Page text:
Democratic presidential candidate and former vice president Joe Biden in Berlin, N.H., on Tuesday. (Cj Gunther/EPA-EFE/Shutterstock)

Though former vice president Joe Biden is ahead of the crowded 2020 presidential field in every poll, his greatest vulnerability presents itself again and again: He is a man out of step with his party.

His record on crime has already put him at odds with the Democratic base, as has his praise of bipartisan compromise at a time when there is little appetite for appeasement. But Biden has proved surprisingly skillful at balancing the doubts that Democrats have about his record against a presumption that he might be their strongest bet to oust President Trump from the White House next year.

On Wednesday, Biden opened a new breach — this one potentially irreconcilable.

His campaign announced that the former senator and vice president continues to support the Hyde Amendment, a provision of federal law passed in 1976 that bars the use of federal funds for abortion services, except in rare cases.

The amendment — named for the conservative Illinois congressman, Henry J. Hyde, who initially sponsored it — stipulates that Medicaid, the program that provides health-care services to poor people, does not provide coverage of abortion, except in instances of rape, incest or a risk to the life of the mother. Before it was implemented, Medicaid paid for an estimated 300,000 abortions a year.

No surprise, Biden’s rivals for the nomination piled on, as did Democratic lawmakers and women’s groups. “Repealing the Hyde Amendment is critical so that low-income women in particular can have access to the reproductive care they need and deserve,” presidential candidate Sen. Kirsten Gillibrand (D-N.Y.) tweeted. “Reproductive rights are human rights, period. They should be nonnegotiable for all Democrats.”

For most of Biden’s career, his support for a ban on federal funding of abortion has put him well within the mainstream.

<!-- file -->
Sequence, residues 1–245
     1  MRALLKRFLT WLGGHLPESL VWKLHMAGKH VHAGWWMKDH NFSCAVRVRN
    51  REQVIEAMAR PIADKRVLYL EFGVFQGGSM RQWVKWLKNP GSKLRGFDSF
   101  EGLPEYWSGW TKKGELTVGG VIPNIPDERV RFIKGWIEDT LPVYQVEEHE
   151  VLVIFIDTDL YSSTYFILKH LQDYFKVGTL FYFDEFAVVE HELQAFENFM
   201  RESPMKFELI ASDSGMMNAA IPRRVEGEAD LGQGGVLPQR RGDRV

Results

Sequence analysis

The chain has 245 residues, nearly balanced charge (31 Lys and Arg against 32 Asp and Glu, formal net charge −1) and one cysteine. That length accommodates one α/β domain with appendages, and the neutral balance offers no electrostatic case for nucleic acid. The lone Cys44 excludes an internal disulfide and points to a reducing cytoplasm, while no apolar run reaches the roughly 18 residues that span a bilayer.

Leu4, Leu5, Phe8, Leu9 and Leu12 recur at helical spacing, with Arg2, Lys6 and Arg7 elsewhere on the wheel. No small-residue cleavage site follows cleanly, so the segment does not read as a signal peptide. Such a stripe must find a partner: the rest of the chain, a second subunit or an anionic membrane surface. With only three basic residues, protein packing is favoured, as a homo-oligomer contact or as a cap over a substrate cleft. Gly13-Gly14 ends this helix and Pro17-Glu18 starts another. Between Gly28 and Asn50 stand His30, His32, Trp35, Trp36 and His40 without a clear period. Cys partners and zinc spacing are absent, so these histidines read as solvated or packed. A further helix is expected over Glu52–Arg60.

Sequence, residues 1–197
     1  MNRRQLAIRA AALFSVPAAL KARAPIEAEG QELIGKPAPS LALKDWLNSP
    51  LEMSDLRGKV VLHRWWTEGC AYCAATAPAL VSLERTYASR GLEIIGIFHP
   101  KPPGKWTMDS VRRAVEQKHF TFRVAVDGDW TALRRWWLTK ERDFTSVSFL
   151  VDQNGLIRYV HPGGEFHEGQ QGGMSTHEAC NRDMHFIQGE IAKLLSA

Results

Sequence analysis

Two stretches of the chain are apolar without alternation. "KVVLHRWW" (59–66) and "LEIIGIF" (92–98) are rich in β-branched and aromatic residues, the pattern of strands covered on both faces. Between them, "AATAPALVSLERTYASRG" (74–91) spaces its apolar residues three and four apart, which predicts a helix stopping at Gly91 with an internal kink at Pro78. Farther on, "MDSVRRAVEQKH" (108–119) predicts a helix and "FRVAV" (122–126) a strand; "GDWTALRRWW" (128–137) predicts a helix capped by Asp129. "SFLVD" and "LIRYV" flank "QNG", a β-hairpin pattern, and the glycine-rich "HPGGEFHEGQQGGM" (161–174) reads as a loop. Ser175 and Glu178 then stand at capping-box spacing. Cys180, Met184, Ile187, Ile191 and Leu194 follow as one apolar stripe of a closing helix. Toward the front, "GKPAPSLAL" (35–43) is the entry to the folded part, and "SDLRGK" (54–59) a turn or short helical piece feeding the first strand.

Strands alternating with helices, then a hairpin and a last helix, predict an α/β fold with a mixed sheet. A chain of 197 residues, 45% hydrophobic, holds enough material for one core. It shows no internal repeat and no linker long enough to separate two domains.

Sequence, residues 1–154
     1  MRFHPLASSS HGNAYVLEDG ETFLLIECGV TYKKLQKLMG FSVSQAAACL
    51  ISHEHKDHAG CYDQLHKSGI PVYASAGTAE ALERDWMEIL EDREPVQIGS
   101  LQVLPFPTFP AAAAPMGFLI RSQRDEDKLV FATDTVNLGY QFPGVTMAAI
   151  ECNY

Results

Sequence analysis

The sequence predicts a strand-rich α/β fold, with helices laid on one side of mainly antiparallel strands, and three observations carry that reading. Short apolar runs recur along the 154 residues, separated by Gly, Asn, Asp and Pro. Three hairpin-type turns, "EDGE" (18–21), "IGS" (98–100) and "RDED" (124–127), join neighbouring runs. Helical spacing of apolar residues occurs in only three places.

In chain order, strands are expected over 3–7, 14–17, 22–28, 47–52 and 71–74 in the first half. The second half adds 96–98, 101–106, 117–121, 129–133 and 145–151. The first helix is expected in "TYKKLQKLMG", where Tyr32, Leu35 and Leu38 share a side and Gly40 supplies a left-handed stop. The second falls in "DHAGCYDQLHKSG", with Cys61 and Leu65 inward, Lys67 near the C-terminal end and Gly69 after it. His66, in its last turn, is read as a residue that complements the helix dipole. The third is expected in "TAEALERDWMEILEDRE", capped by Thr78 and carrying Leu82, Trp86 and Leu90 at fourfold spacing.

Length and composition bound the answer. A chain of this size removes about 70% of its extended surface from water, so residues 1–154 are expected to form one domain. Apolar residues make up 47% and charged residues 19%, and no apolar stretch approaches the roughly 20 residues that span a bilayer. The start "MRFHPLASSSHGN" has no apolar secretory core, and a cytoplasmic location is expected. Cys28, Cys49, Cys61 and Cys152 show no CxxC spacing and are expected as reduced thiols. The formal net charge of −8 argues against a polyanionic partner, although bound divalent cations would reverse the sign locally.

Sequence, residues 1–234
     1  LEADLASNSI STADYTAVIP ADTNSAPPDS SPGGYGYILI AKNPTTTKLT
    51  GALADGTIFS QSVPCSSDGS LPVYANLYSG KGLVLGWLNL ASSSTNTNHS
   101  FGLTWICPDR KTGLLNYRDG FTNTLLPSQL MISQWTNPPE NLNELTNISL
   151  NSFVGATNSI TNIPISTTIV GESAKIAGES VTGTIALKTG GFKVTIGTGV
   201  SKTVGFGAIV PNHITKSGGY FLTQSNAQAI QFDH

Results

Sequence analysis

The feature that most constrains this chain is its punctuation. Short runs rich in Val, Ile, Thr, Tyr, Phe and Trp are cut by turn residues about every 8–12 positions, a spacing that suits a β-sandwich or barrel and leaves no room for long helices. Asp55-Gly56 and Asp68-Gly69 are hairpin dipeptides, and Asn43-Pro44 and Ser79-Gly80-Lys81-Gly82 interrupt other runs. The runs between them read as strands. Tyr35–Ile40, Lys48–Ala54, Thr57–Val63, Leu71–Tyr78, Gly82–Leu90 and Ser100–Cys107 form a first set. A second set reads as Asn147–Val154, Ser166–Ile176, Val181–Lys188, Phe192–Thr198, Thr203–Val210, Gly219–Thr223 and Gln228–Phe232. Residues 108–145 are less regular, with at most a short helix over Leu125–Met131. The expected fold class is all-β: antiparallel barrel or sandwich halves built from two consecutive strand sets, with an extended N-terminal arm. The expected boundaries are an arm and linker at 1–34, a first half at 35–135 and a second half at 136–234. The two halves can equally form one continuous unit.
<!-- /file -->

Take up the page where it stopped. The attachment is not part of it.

President Barack Obama straddled both sides of the question. In 2008, Obama campaigned on a promise to pass the Freedom of Choice Act, which would have effectively repealed the Hyde Amendment. Then, in 2010, he signed an executive order that enshrined Hyde, a deal he had to make to get the Affordable Care Act passed.

But that was then. In 2016, as it prepared to nominate a woman for president, the Democratic Party for the first time added a plank to its platform explicitly calling for the repeal of the Hyde Amendment.

The abortion issue has since gained more urgency with Democrats. Trump has made two conservative appointments to the Supreme Court, creating the potential that the landmark 1973  Roe v. Wade decision legalizing abortion could be overturned. Meanwhile, Republican-controlled state legislatures are passing a spate of highly restrictive laws designed to create the court challenge that could do just that.

With his party having swung so hard on the abortion issue, Biden’s isolation on the Hyde Amendment will no doubt revive other doubts about him with regard to gender-related matters. They include the recent flap over his clueless habit of putting his hands on women who come within reach, and the shabby treatment the Biden-chaired Senate Judiciary Committee gave to Anita Hill during the 1991 confirmation hearings of Justice Clarence Thomas.

Biden is far from the first presidential candidate to confront a political landscape that has shifted dramatically over the course of a long career.

Al Gore, the Democrats’ 2000 nominee, had to disavow as vice president some of the positions he had taken as a Tennessee congressman, including support for the tobacco industry and for lax gun laws. But doing so cast more doubt on Gore’s authenticity, which turned out to be one of his greatest handicaps.

So standing firm on the Hyde Amendment may perhaps pay off for Biden in the long run, as he looks toward a general-election contest against Trump. Polls have long indicated that while overturning the provision is popular among Democrats, most Americans are uncomfortable with providing federal funding for a medical procedure many regard as immoral.

Still, Biden has taken a stand that will undoubtedly make the going rougher as he heads into the first set of Democratic debates and will test his agility as a candidate. And that is not a small challenge for a candidate who has not run in his own right for more than a decade — and one who is not known for being sure-footed.

So now the question is whether this is really Biden’s party to lead or one that has passed him by.